The Global Slavery Index 2018 estimates that on any given day in 2016, an estimated 3.6 million men, women and chidlren were living in modern slavery in Europe and Central Asia (GSI 2018). People are subjected to exploitation in forced labour, debt bondage and forced sexual exploitation. Government response in Europe is particularly strong with a number of regional bodies holding them account and monitoring responses, and while countries in Central Asia have taken steps to tack modern slavery, more needs to be done. Mark was unemployed and looking for work when he was offered a job and a place to stay. However, he soon found himself trafficked into forced labour. He worked long hours doing laborious work and was not paid. He was trafficked in the UK, the Netherlands and Sweden.
The Netherlands is a source, transit and destination country for men, women and children trafficked for the purposes of commercial sexual exploitation and forced labour. It is estimated that around 175, 000 people are living in conditions of modern slavery in the country. It is reported that many women are trafficked within the country in to forced prostitution. Victims are often trafficked by so called ‘pimp boys’ or ‘lover boys’ – men who seduce young women and girls, gaining their trust and then forcing them in to commercial sexual exploitation. Sameena was 18 years old when she left home and became homeless. Sameena got a job in the catering agency where she met her boyfriend, Jim. One evening Jim invited Sameena to his apartment, where she arrived to a number of his male friends. That night was the first time she was raped. After that, for two years Sameena was forced to work as a prostitute. Even after physically escaping, Sameena still struggled to mentally free herself from her past exploitation. In this narrative Sameena tells of how running helped her overcome her past trauma
Despite having the lowest regional prevalence of modern slavery in the world, Europe remains a destination, and to a lesser extent, a source region for the exploitation of men, women and children in forced labour and commercial sexual exploitation. According to the most recent Eurostat findings, European Union (EU) citizens account for 65 percent of identified trafficked victims within Europe. These individuals mostly originate from Eastern Europe, including Romania, Bulgaria, Lithuania and Slovakia. Mark Ovenden is a survivor of modern slavery. In an interview with the BBC, he recounts how he was offered accommodation and employment just outside his hometown in Southern England. At the time – Sept. 2009 – he had no job and was eating out of soup kitchens, so he jumped at the chance to earn some money. But things did not turn out as Ovenden expected. Between Sept. 2009 and April 2010, he moved with the family to different areas in the U.K., Holland and Sweden where he was forced to work for either no money or minimal pay. The work – taking up and laying driveways – was physical, repetitive and generally involved labouring for long hours. Ovenden, who said he had no support network of friends or family at the time, soon became completely dependent on his bosses.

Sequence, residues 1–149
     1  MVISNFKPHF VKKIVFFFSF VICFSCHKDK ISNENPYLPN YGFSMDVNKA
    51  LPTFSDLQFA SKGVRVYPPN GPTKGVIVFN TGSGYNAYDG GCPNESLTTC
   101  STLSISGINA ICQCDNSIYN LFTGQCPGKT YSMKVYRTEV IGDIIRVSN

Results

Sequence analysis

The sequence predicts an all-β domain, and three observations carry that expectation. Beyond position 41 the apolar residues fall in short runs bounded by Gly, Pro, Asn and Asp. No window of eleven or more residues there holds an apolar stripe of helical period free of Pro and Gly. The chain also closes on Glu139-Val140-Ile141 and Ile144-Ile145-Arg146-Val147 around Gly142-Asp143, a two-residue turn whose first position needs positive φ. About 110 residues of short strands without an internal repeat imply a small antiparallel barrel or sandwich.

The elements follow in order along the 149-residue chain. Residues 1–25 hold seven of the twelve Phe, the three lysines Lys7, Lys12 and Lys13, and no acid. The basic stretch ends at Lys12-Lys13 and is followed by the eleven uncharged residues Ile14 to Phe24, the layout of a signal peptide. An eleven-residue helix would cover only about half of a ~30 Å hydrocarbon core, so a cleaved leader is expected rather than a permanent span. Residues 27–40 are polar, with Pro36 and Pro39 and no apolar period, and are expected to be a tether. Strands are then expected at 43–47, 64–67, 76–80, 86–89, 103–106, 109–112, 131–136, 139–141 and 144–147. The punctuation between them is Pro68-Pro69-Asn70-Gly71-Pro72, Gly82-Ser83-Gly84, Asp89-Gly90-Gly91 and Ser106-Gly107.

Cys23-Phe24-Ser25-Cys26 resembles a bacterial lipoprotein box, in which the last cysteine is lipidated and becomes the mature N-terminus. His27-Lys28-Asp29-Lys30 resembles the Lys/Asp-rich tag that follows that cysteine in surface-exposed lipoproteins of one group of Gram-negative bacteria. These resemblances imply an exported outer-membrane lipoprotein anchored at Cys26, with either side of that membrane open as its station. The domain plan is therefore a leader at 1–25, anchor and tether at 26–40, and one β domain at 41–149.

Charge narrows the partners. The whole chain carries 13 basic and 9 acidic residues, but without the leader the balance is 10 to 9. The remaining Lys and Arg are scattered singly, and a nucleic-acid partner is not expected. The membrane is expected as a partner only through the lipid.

Though Europe has the lowest regional prevalence of modern slavery in the world, it is estimated that 17,500 people are enslaved in the Netherlands. Enslaved people within Europe originate predominantly from Eastern European countries, with forced labour and commercial sexual exploitation remaining the most commonly reported forms of slavery. Cases of forced labour have been reported across Europe in agriculture, forestry, fishery, construction, catering, the textile industry and domestic work. Within cases formally identified by EU authorities the largest proportion of registered human trafficking victims were female, making up around 80% of all victims. Tatiana travelled to the Netherlands with her boyfriend to find work. Upon arrival they were met by who she though was her boyfriend’s friend and taken to a flat where they were going to stay. However, when she got to the flat she was told he had been sold to work as a prostitute. Threatening her family if she refused, Tatiana was forced to work as a prostitute in Amsterdam for 6 months.